Net Cracker OSS: It organizes operations in complicated hybrid systems and provides zero-touch orchestration for traditional and digital services such as SDN/NFV, cloud, IoT, and 5G. Faster service creation and delivery, increased operational agility, and lower TCO are all advantages for service providers. Large number of clients across the world have installed and used Netcracker OSS solutions to help them shift from physical to virtualized and cloud environments, embrace higher levels of Staying competitive in fast-changing marketplaces.
IBM OSS: NFV is a network architectural concept that use IT virtualization to virtualize entire classes of network node functions into building blocks that form communication services. NFV specifies standards for computation, storage, and networking resources, which may be used to develop virtualized network operations. It enables CSPs and network operators to design and deploy networks based on tried-and-true software paradigms. In order to ensure agility, NFV Management and Orchestration (MANO) imposes additional expectations on OSS and BSS procedures as well as vendor solutions.
HPE OSS: HPE OSS Assurance Automation enables multi-vendor hybrid telecom infrastructure to operate with zero touch. Proactive remediation is possible because to data-driven root cause investigation and automated decisions. HPE OSS adapts and supports new networks and services of any sophistication and depth as a result of the eruption of a new generation of digital services. It deals with both an increase in traffic and a drop in load at times. HPE OSS nimble at any layer (network and management functions), dependable (high availability and disaster recovery), and have a short time to productize a new network or service.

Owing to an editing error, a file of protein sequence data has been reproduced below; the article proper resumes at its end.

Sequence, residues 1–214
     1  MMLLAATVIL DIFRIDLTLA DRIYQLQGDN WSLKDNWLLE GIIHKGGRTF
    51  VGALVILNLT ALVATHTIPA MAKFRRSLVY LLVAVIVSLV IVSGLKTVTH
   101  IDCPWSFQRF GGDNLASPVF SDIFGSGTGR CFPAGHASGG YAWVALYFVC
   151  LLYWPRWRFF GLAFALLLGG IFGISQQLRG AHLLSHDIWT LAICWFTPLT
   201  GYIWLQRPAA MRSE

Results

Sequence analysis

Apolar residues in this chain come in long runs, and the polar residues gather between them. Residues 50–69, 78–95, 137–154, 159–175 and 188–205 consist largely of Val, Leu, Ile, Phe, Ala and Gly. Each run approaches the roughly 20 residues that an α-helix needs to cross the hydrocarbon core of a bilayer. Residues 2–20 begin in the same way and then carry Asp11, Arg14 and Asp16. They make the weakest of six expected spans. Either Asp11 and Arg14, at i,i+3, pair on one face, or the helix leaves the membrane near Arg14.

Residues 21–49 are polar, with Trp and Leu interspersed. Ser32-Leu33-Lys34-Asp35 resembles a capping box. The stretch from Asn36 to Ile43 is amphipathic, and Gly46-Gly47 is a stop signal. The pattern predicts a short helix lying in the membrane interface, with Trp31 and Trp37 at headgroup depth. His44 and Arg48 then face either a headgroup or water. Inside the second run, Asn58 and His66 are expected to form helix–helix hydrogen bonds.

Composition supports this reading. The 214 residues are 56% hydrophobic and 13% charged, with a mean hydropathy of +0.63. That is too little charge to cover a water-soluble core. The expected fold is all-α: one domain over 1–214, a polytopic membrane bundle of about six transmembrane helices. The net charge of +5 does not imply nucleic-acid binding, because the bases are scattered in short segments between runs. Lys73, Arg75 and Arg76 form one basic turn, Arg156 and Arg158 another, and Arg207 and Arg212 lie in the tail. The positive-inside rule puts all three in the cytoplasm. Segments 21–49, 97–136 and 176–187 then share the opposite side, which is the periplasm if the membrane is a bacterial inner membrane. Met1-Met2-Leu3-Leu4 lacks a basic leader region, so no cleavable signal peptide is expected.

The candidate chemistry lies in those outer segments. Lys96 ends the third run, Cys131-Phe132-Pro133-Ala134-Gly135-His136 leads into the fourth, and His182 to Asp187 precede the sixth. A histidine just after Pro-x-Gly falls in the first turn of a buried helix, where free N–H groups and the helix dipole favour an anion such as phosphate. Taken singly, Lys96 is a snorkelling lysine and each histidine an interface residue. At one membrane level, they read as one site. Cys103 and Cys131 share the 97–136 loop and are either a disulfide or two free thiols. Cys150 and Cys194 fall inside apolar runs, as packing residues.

Many more firms provide OSS services in a similar fashion. There has been a significant increase in the number of studies of OSS architecture in academia.
Patent analysis – Total 11,816 Patents
Patents by protection country
The graph depicts the top nations that possess patents related to OSS. United States and China has 3,460 and 3,531 patent families in OSS technology, respectively, indicating that the technology is widely utilized in both the nations. Other nations have patents related to OSS, indicating that they use OSS in a variety of technological sectors such as digital communication, computer technology, telecommunications, and so on.
Patents by Assignees (Top 10 Players)
The graph depicts the top ten firms with the most patents in the field of OSS. With 1,643 patent families under its name, Ericsson has gotten its name at the top of this list, followed by Huawei. With 559 and 329 patent families, respectively, China mobile Communications and ZTE Corporations are practically on track.
Technology investment trend over last 10 years
According to the graph, the number of patents registered in the field of OSS increased rapidly after 2013, peaking in 2018 with over 1000 patent families submitted in a single year.
OSS Future Potential and Market
The market for operational support systems (OSS) has expanded and declined in the two decades since the eruption of independent software suppliers onto the scene, as communications service providers (CSPs) have attempted to optimize their procedures. Hundreds more vendors have come and gone, or have been eaten, as they innovated their way into the core of CSP operations, hoping to reproduce the magic by keeping ahead of the next technological curve. In reality, increases in operational efficiency and network performance have occasionally triggered the next curve. Both OSS and business support systems (BSS) are used in client-facing tasks including purchasing, invoicing, and customer service. When fulfilling any of these criteria is difficult, future OSS must be flexible, automated, proactive, predictive, and programmable.
Components, OSS solution types, deployment style, organization size, industry vertical, and geography are all segments of the worldwide OSS & BSS market. The market is divided into solutions and services based on such components. Network planning & design, service delivery, service fulfilment, service assurance, customer & product management, billing & revenue management, network performance management, and others are the many types of OSS solutions. It is divided into small and medium-sized businesses and large businesses based on their size. It is divided into on-premise and cloud deployment models depending on the deployment methodology. IT & telecom firms, BFSI, retail, media & entertainment, government, manufacturing, and others are the different industrial verticals.